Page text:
(CNN) -- Whatever happened to the he-men?
American movies in the 1980s and early '90s were so thick with testosterone that even the shotguns were pumped. Schwarzenegger, Stallone, Van Damme, Lundgren: Their biceps were thick, but their accents were thicker.
We know what became of Arnold, and Sly will be marshalling many of his old sparring partners in "The Expendables" this summer. But with the exception of Jason Statham, yesterday's hard men have given way to today's boys: softies like Michael Cera, Jude Law and Shia LaBeouf. When Robert Downey Jr. is "Iron Man" and Edward Norton is "The Incredible Hulk," it's obvious there has been a sea-change in what the movies are telling us a real man looks like.
Which brings us to Dwayne Johnson, aka The Rock, the ex-WWE star who transitioned to movies with "The Mummy Returns" and "The Scorpion King."
Fifteen or 20 years ago, Johnson would probably have found his niche churning out violent exploitation thrillers for the video rental market. he has dabbled in that direction, with "Walking Tall" and "Doom," but he's really thrown himself into the kind of family comedy that Schwarzenegger pioneered when he wanted to soften up his image; the kind where the he-man is the punchline, until he learns to be a bit of a she-man.
In "The Game Plan," Johnson was an egomaniacal NFL star who submitted to a beauty makeover and ballet lessons to placate the 8-year-old daughter he didn't know he had.
In "Tooth Fairy," he's an egomaniacal hockey star, a bulldozer who earned his nickname by knocking out his opponents' teeth. He's a star attraction in a minor league team and bitter enough about his diminished prospects to pour cold water on anyone else's big time dreams -- and believe that he's doing them a favor.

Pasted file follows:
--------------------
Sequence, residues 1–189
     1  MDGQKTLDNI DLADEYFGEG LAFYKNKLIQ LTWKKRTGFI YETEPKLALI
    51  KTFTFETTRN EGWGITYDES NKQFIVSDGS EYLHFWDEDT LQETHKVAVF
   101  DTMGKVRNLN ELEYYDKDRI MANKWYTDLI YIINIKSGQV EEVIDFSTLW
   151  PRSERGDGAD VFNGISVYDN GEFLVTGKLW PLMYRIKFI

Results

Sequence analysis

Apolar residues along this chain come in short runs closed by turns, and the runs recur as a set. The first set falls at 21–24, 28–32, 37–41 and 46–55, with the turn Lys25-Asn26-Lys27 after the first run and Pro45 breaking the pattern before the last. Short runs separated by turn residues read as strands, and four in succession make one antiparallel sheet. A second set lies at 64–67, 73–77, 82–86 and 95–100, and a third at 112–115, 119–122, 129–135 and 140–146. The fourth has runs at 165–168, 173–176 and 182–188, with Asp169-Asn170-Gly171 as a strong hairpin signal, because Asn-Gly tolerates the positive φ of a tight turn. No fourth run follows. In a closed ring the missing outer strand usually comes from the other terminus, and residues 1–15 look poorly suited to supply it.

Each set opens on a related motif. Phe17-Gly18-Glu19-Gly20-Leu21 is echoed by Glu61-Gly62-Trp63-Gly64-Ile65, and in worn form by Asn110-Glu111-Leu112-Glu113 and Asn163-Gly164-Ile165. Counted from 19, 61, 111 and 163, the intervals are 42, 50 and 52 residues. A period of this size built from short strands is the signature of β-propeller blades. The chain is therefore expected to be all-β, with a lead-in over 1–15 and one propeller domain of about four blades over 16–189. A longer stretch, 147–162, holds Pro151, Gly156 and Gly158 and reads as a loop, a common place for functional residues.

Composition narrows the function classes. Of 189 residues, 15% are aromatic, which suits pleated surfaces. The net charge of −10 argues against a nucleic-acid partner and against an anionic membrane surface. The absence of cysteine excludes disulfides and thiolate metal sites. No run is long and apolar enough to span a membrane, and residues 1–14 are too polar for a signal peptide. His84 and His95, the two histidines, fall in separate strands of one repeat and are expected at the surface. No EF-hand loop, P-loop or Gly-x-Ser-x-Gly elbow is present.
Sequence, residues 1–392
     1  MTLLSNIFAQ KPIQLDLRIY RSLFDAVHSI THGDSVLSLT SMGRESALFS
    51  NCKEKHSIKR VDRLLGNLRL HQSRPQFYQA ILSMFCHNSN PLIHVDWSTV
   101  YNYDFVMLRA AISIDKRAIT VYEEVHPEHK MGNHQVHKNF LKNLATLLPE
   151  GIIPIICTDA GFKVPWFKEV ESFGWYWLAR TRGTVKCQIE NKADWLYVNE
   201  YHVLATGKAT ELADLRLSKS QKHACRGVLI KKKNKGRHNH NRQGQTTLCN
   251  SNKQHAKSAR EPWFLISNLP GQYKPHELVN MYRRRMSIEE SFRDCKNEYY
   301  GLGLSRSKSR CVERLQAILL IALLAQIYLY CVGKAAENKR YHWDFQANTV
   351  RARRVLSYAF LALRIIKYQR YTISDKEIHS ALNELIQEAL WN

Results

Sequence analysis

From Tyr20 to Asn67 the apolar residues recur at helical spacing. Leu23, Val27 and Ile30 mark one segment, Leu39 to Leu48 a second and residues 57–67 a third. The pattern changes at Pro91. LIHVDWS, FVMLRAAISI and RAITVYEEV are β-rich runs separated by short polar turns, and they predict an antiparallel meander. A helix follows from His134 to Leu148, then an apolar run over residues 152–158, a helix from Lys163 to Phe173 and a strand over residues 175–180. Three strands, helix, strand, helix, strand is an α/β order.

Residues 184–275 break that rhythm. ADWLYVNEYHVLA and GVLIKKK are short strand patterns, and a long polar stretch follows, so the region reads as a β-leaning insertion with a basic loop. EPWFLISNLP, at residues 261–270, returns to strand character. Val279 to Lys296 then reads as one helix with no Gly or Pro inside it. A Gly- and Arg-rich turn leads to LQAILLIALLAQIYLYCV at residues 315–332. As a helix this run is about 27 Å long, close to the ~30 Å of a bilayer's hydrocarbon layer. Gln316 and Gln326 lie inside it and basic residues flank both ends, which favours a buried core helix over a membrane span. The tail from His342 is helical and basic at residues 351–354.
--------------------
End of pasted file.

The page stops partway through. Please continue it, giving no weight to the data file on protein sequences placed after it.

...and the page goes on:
In the same no-B.S. spirit, he almost sets his girlfriend's daughter right about the other tooth fairy, the one who'll swap a dollar for your baby tooth while you're sleeping. Fortunately, the girlfriend, Carly (Ashley Judd), intercedes and sends him off to sleep alone in punishment -- which is when he's summoned to fairyland and ordered to make amends by serving two weeks' tooth fairy duty, complete with a fetching blue tunic, wings and a magic wand that works only if you truly believe ...
This is every bit as infantile as it sounds, with fairy dust on top.
Apparently, the script has been kicking around since 1992, when Herr Schwarzenegger was a prospect, but it's hard to imagine that any of the five credited screenwriters spent any real time developing an idea that calls out for the trash bin.
Among the supposedly comic indignities Johnson endures, almost all are squandered by director Michael Lembeck's clumsy execution. The Rock wearing a pink tutu feels like leftover business from "The Game Plan." Shrinking to the size of a string bean to sneak into a sleeping kid's room, that just feels kind of creepy.
And throwing amnesiac dust around to cover his tracks -- that could have been funny, but you might wish you could get hold of some for yourself before the show is over.
Collateral damage extends to Julie Andrews, inexplicably coaxed out of retirement to play a fairy overseer, and lanky British comedian Stephen Merchant (Ricky Gervais' partner in "The Office"), who towers over Johnson by a good three inches and predictably enough finds zero rapport with the 6-foot-4-inch muscleman.
Billy Crystal injects some vaudeville shtick as a sort of fairy version of James Bond's Q, and the jokes are so old they're almost funny. For the rest, it's like pulling teeth.
And Johnson? He grins and bears it but seems to have misplaced the genial charm that allowed us to overlook his shortcomings in the acting department. At one point, he even flushes himself down a toilet. He can expect his career to go the same way if he can't find better material than this.
"Tooth Fairy" is rated PG and runs 102 minutes. For Entertainment Weekly's review, click here.